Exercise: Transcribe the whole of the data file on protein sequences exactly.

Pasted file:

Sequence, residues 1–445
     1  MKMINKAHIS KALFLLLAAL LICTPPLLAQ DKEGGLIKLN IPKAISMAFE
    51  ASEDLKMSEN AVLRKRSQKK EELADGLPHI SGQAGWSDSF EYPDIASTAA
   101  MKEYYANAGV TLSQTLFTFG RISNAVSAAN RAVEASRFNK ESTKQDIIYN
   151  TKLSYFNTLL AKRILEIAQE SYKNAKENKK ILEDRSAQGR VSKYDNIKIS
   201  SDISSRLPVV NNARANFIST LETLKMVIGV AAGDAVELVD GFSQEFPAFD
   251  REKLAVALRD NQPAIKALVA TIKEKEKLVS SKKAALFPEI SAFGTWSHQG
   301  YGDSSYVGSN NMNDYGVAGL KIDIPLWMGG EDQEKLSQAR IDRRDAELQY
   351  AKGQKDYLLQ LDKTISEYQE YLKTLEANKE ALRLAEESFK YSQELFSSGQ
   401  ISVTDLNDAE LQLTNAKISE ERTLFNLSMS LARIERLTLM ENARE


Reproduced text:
Sequence, residues 1–445
     1  MKMINKAHIS KALFLLLAAL LICTPPLLAQ DKEGGLIKLN IPKAISMAFE
    51  ASEDLKMSEN AVLRKRSQKK EELADGLPHI SGQAGWSDSF EYPDIASTAA
   101  MKEYYANAGV TLSQTLFTFG RISNAVSAAN RAVEASRFNK ESTKQDIIYN
   151  TKLSYFNTLL AKRILEIAQE SYKNAKENKK ILEDRSAQGR VSKYDNIKIS
   201  SDISSRLPVV NNARANFIST LETLKMVIGV AAGDAVELVD GFSQEFPAFD
   251  REKLAVALRD NQPAIKALVA TIKEKEKLVS SKKAALFPEI SAFGTWSHQG
   301  YGDSSYVGSN NMNDYGVAGL KIDIPLWMGG EDQEKLSQAR IDRRDAELQY
   351  AKGQKDYLLQ LDKTISEYQE YLKTLEANKE ALRLAEESFK YSQELFSSGQ
   401  ISVTDLNDAE LQLTNAKISE ERTLFNLSMS LARIERLTLM ENARE